Tetanus, also called lockjaw, is a serious disease. It is caused by bacteria that live mainly in dirt, dust and soil. These bacteria are also found in human and animal feces and sometimes in saliva. The bacteria enter the body through a graze, a scrape or a small wound caused, for example, by a dirty needle or rusty nail. Once in the body, the bacteria produce a poison that attacks the nerves that control muscle activity.
The symptoms of tetanus come on gradually. In most cases, they appear within 2 weeks of becoming infected.
The most common symptoms are sudden spasms and stiffness in the muscles of the neck and then the face.
Other symptoms include:
- difficulty swallowing;
- seizures (the body stiffens and the muscles contract, causing involuntary jerky movements);
- fever and sweating;
- high blood pressure (rise in blood pressure above normal values);
- rapid heart rate.
When to Consult
Immediate emergency room consultation
You must go to the emergency room immediately if you have any of the following symptoms:
- you have had difficulty breathing for some time or your difficulty breathing suddenly gets worse;
- your lips are blue;
- you have difficulty moving;
- you are having seizures (your body stiffens and your muscles contract, causing involuntary jerky movements).
If you need immediate assistance to get to the emergency room, call 911.
You must see a doctor on the same day if you have any of the following symptoms:
- you have painful muscle spasms, especially in the face;
- you have difficulty breathing;
- your back is arched (curved backwards).
Take your child to a doctor quickly if he/she develops symptoms of tetanus and has a fever, seems very ill, is lacking energy or does not want to play.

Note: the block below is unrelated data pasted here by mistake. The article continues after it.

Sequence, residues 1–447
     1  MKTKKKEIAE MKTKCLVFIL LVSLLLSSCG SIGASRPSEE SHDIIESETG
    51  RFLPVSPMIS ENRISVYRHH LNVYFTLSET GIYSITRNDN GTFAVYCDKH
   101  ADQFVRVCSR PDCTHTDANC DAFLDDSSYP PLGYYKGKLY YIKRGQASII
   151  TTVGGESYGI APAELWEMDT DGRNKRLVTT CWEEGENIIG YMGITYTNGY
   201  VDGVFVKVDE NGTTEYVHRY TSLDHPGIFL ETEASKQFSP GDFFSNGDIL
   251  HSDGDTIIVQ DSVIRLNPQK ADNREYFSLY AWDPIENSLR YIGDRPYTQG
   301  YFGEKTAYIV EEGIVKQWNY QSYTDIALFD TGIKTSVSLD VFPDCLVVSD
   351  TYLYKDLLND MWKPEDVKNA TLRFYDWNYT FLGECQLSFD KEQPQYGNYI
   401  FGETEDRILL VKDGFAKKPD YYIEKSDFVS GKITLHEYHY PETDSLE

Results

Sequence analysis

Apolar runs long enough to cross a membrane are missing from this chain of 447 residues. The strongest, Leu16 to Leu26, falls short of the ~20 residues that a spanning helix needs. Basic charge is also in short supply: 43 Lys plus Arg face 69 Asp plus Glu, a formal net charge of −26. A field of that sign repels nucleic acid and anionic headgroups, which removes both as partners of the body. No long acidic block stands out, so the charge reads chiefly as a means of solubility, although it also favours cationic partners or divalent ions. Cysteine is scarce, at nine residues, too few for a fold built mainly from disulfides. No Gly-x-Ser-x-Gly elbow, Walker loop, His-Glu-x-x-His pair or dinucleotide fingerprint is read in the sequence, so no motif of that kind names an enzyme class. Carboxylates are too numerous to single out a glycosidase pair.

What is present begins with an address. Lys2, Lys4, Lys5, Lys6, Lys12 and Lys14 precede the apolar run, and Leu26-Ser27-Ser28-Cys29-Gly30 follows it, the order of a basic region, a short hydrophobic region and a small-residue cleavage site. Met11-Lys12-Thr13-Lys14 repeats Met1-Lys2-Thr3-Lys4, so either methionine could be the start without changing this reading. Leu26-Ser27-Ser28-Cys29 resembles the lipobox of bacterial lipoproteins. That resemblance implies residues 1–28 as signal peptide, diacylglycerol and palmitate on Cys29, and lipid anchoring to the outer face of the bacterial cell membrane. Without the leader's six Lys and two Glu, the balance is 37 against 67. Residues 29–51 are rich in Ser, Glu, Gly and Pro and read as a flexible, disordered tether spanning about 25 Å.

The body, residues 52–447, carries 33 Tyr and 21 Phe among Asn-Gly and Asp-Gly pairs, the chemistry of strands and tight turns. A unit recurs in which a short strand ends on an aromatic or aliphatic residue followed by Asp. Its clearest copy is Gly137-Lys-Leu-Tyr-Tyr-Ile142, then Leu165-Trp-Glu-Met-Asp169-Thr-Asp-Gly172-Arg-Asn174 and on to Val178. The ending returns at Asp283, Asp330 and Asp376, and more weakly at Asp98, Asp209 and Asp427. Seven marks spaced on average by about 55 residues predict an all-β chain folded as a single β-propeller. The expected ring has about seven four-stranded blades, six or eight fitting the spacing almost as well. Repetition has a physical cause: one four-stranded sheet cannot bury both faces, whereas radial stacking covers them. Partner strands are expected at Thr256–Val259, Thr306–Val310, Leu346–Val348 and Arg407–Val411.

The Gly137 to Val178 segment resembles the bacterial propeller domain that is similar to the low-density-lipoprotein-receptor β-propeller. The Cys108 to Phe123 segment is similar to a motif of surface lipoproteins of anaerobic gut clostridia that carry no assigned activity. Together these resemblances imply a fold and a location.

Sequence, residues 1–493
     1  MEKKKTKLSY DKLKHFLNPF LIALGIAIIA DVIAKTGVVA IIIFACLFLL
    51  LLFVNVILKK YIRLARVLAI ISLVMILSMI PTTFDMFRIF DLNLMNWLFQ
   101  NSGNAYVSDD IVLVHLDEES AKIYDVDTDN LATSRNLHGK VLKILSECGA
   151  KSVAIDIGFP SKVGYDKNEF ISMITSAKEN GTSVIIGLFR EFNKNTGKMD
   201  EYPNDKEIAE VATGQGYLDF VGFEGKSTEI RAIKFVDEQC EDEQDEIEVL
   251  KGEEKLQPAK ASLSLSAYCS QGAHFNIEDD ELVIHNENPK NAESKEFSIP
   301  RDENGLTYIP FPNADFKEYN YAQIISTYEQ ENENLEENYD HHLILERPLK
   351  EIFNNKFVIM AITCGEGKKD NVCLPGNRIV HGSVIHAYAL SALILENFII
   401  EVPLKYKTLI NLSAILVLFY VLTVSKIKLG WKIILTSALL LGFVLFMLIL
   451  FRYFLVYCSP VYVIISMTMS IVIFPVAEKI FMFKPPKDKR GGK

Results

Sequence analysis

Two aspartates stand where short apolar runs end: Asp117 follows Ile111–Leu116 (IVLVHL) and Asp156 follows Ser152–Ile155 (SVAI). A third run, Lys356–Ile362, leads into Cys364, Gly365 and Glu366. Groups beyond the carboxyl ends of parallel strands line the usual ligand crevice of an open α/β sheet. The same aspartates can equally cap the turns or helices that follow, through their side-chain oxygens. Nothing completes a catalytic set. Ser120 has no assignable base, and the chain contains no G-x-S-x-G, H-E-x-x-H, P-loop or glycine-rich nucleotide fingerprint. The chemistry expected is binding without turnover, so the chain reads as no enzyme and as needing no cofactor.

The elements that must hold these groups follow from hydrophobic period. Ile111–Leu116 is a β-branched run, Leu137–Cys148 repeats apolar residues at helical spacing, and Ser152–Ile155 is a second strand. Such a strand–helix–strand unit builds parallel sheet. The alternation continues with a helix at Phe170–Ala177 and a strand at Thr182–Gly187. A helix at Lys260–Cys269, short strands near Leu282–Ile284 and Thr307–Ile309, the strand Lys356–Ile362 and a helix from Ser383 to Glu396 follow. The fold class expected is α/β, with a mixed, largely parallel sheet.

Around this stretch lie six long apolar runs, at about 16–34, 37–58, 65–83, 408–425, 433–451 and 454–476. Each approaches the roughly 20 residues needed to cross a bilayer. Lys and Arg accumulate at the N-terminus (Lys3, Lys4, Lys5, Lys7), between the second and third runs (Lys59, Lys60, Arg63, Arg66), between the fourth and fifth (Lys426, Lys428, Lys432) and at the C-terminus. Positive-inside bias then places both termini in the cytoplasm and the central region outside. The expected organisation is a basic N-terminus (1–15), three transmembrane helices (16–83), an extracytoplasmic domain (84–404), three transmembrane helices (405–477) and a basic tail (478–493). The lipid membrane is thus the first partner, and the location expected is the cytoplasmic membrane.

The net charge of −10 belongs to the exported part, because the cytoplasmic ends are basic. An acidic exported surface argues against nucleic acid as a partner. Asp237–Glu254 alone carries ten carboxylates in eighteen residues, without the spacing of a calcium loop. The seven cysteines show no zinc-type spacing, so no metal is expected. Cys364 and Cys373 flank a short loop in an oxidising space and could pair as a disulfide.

Tetanus can be treated. It requires a stay in intensive care and continuous monitoring.
Tetanus treatment involves:
- antibiotics and immunoglobulins to treat the infection;
- medications to control muscle spasms;
- wound care;
If the infection is severe, the person may need a machine to help them breathe artificially.
Tetanus must be treated immediately. If left untreated, it can cause serious complications. The stiffness can spread to the muscles in the chest region and cause breathing difficulties.
Possible complications of tetanus are:
- broken bones caused by muscle spasms;
- nerve and brain damage in infants and children.
Tetanus is fatal in 10 to 20% of cases.
The bacteria that cause tetanus can live for years in:
- human or animal feces or saliva.
You cannot get tetanus just from touching an infected object. There has to be a small wound, scrape or graze in your skin for the bacteria to get into the body. Therefore, an ordinary activity such as gardening can be a risk for a person who has a cut or wound, since they are exposed to bacteria that might be in the soil.
Tetanus is not spread from person to person.
Protection and Prevention
Vaccination is the best way to protect yourself against tetanus.
Since tetanus vaccination is included on the recommended immunization schedule, tetanus is very rare in Canada. In Québec, under the Québec Immunization Program:
- children are given their first dose of the tetanus vaccine at 2 months of age;
- adults are given a tetanus booster shot every 10 years.
The tetanus vaccine is part of a combined vaccine that protects against several diseases. The composition of the vaccine varies depending on the person’s age. To find out which vaccine you should get, consult the recommended immunization schedule.
How to get vaccinated
Under the Québec Immunization Program, everyone can get vaccinated against tetanus for free.
Consult the Québec Immunization Program page to find out the procedure for getting vaccinated.
People at Risk
Anyone who is not protected against tetanus can become infected. In addition, a person who has had the disease is not protected against tetanus. Tetanus occurs worldwide and can affect people of any age.
The most vulnerable people are infants and older adults. Adults are often unaware that their protection against tetanus may have decreased if they have not had the booster shots recommended on the immunization schedule.
Last update: January 28, 2019